The spirit of the regulations seems to be that intoxicants are not OK but medicines are. This does not help us much, except to imply that if a medication is unpleasant enough or has enough side effects it might be OK.

What if my depression is controlled by opium (bad intoxicant) as against Parnate (good medicine)?
(How keen am I to worship a God who would make us in his image, and is this the same thing as 'we are the greatest'?) So, OK, you need a reason to take it. Thus, if you are in (physical) pain, opium is OK but not if you are in mental pain, though before the new rules (1968 here) it might have been more acceptable.

Can you make any better sense of it?

 

Lou's reply-eksnahilow SLS

Posted by Lou Pilder on December 28, 2009, at 16:56:39

In reply to Yours. Lou Pilder, posted by SLS on December 28, 2009, at 12:29:04

> > Since the discussion is about as to if taking mind-altering chemicals into one's system causes one to be unfaithful to God or not,I would need to know which God is in question as to being unfaithful or not
>
> I speak of your god.
>
> Would employing lithium to control one's bipolar illness be an unfaithful act toward your god? If so, would you explain why or produce writings that describe the proscriptions of this behavior?
>
> Thanks.
>
>
> - Scott
>
Scott,
You wrote,[...your god (the god that you give service an worship to)...writings...].
This discussion is about as to if taking mind-altering chemicals into your system could cause one to be unfaithful to their god and as to what is or is not a medicine.
Now the God that I give service and worship to is the God that the Jews give service and worship to. That God has given to the books that they consider to be truth that give infomation about that God and commandments to follow.
The first statement in the book called Genesis reads;
[...In the beginning God created the heaven and the earth...]
Then the book continues;
[...And God said, Let us make man in our image...]
Now with those two statements in mind, there is a God that is a person that made the heaven and the earth. Then we go on...
Lou

 

Yours. Lou Pilder

Posted by SLS on December 28, 2009, at 17:19:49

In reply to Lou's reply-eksnahilow SLS, posted by Lou Pilder on December 28, 2009, at 16:56:39

Now that you have identified your god, perhaps you can answer my questions. To refresh your memory:

Would employing lithium to control one's bipolar illness be an unfaithful act toward your god? If so, would you explain why or produce writings that describe the proscriptions of this behavior?


- Scott

 

Lou's reply-mgndavd Sigismund

Posted by Lou Pilder on December 28, 2009, at 17:27:07

In reply to Re: Lou's reply-wychgdSteveEarle?, posted by Sigismund on December 28, 2009, at 16:14:20

> >In what you wrote above, as to if it is a reply to my invitation to identify which God, is there a particular God that you could identify from what you posted there?
>
> That one in whose image we are made?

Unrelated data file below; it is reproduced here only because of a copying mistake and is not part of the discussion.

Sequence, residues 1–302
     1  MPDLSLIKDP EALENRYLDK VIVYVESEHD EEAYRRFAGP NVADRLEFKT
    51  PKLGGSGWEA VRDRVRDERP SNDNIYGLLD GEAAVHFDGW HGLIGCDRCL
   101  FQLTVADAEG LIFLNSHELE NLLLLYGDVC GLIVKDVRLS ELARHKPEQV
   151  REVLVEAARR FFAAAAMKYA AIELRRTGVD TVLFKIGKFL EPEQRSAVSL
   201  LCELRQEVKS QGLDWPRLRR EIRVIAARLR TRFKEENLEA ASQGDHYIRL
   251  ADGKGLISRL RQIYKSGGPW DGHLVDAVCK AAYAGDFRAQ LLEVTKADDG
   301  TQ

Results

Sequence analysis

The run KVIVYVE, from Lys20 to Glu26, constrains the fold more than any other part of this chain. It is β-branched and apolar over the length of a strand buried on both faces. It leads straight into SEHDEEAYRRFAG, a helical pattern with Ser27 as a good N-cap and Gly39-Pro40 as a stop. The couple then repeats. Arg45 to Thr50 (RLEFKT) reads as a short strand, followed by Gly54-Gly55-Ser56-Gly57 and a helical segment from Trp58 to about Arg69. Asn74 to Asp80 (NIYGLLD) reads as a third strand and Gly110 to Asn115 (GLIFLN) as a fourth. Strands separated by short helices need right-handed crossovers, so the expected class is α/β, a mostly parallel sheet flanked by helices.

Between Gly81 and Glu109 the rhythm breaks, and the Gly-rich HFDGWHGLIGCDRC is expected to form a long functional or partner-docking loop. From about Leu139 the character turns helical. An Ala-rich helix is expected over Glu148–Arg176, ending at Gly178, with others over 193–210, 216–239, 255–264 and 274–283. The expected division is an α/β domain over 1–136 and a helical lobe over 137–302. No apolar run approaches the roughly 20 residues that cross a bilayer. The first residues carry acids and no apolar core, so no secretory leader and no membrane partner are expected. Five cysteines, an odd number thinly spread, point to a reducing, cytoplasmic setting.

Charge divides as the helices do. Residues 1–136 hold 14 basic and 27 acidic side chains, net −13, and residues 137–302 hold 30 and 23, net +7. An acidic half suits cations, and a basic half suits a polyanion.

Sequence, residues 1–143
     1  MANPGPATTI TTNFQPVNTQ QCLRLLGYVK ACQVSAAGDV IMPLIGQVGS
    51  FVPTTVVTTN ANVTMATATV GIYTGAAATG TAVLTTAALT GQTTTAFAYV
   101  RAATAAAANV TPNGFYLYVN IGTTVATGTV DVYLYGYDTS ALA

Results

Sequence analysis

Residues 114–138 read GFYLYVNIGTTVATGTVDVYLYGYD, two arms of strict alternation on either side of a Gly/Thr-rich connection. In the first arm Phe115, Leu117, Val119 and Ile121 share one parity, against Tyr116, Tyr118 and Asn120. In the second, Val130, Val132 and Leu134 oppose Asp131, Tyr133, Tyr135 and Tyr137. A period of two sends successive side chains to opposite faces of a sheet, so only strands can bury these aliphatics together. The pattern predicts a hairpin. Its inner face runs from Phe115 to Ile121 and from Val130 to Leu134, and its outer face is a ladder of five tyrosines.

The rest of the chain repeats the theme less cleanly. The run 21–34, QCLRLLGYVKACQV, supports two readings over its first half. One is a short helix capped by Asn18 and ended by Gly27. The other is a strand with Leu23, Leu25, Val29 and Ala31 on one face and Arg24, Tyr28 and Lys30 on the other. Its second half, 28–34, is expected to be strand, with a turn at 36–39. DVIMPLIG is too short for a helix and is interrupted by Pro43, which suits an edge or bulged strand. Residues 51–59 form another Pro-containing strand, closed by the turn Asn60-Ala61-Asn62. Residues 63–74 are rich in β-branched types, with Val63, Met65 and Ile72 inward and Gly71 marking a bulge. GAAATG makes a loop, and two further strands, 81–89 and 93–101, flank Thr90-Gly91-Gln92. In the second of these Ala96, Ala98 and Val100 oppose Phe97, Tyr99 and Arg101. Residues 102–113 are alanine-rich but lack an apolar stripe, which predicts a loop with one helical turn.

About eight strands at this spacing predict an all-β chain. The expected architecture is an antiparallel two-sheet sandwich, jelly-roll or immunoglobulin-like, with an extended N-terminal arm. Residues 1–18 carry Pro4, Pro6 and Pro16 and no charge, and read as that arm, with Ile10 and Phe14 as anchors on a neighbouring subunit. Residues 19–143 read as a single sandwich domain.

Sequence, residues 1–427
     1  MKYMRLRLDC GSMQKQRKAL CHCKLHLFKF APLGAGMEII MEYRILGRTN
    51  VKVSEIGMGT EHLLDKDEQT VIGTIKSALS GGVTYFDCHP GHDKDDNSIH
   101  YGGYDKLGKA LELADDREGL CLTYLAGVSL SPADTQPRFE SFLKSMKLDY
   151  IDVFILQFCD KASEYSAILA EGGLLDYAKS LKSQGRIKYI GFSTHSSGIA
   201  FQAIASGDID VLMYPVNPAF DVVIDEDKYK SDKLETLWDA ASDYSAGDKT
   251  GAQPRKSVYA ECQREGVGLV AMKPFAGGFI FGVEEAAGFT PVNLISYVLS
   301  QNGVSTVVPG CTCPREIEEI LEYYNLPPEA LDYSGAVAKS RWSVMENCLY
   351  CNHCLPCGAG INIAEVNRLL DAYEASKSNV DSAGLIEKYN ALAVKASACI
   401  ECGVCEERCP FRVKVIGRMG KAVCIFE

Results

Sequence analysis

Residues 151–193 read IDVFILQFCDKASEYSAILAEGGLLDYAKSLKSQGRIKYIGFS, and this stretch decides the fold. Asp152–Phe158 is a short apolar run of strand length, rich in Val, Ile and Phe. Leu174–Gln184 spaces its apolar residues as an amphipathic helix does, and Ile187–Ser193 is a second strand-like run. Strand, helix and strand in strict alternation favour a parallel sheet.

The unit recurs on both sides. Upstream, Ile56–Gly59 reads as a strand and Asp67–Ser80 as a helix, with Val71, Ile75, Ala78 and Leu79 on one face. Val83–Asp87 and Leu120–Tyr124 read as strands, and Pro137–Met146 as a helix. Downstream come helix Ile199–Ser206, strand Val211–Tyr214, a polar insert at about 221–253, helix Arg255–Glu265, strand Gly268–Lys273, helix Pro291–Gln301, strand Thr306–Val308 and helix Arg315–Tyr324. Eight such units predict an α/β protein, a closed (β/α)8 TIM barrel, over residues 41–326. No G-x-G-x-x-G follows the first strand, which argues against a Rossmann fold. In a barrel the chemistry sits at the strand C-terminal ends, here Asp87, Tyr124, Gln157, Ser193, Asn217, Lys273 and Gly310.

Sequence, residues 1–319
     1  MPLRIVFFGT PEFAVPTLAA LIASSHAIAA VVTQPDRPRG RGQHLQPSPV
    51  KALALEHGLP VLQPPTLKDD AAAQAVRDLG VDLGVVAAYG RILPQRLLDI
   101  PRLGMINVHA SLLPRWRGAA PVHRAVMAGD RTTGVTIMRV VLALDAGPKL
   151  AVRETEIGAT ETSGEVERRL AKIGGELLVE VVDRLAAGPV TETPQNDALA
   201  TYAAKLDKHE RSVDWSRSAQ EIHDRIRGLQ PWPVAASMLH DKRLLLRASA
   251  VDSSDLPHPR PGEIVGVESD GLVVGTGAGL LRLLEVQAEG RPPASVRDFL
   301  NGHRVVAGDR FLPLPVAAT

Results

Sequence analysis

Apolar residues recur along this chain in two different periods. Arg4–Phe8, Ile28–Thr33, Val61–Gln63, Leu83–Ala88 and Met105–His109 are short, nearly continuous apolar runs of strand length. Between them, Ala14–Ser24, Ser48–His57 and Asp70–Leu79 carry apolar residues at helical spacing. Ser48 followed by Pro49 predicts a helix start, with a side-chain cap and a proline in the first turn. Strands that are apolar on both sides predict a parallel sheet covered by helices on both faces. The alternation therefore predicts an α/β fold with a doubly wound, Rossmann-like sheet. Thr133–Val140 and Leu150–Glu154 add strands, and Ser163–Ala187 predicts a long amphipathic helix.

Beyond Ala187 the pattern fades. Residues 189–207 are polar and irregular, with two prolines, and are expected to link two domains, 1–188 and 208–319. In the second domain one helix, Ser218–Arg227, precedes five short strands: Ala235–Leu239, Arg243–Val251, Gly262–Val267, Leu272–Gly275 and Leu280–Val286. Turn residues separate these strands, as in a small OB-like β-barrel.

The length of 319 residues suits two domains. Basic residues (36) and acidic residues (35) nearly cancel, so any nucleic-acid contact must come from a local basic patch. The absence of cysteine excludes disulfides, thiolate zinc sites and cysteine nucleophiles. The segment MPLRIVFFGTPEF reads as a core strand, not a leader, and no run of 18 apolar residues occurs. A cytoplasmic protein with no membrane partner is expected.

>
>
> >If so, then the aspect as to if one that gives service and worship to that god could or could not be deemed to be unfaithful to that God if they take mind-altering drugs and to define what a medicine is or is not according to that God could give rise to a discussion from my view.
>
> The spirit of the regulations seems to be that intoxicants are not OK but medicines are. This does not help us much, except to imply that if a medication is unpleasant enough or has enough side effects it might be OK.
>
> What if my depression is controlled by opium (bad intoxicant) as against Parnate (good medicine)?
> (How keen am I to worship a God who would make us in his image, and is this the same thing as 'we are the greatest'?) So, OK, you need a reason to take it. Thus, if you are in (physical) pain, opium is OK but not if you are in mental pain, though before the new rules (1968 here) it might have been more acceptable.
>
> Can you make any better sense of it?

Sigismund,
You wrote,[...the one whose image we are made...intoxicants are not OK but medicines are...opium...]
The question as to the innitiator here is would someone be unfaithful to God if they took medication. The question then is what is a medication and you are bringing that out.
The discussion is about mental health medications that are mind-altering.
Now there is an example in the scriptures concerning intoxicants that you have posted, for the scriptures that the Jews use condemn drunkeness. more...
Lou

 

Lou's reply-chlhvnho SLS

Posted by Lou Pilder on December 28, 2009, at 17:49:47

In reply to Yours. Lou Pilder, posted by SLS on December 28, 2009, at 17:19:49

> Now that you have identified your god, perhaps you can answer my questions. To refresh your memory:
>
> Would employing lithium to control one's bipolar illness be an unfaithful act toward your god? If so, would you explain why or produce writings that describe the proscriptions of this behavior?
>
>
> - Scott

Scott,
You wrote,[...would employing Li..be an unfaithful act...why?...produce writings...]
We have not established yet here as to what a medicine is or is not according to the God that I give service and worship to as to then if takingLi is being unfaithful to that God.
First, before we go into this, there is a post by Mr. Hsiung threatening me with expulsion from this community if I was to post what has been revealed to me that is connected to this discussion. You see, a commandment to me that xxxx has a part in my answer to you. Interestingly, another poster brought this out about him/her using pills as to if their God thought that yyy. You may have some remeberance to that post that I did not comment on.
But I could go on with the other aspects that involve the taking of or not taking of mind-altering drugs.
Lou

 

Re: Lou's reply-mgndavd Lou Pilder

Posted by SLS on December 28, 2009, at 17:52:10

In reply to Lou's reply-mgndavd Sigismund, posted by Lou Pilder on December 28, 2009, at 17:27:07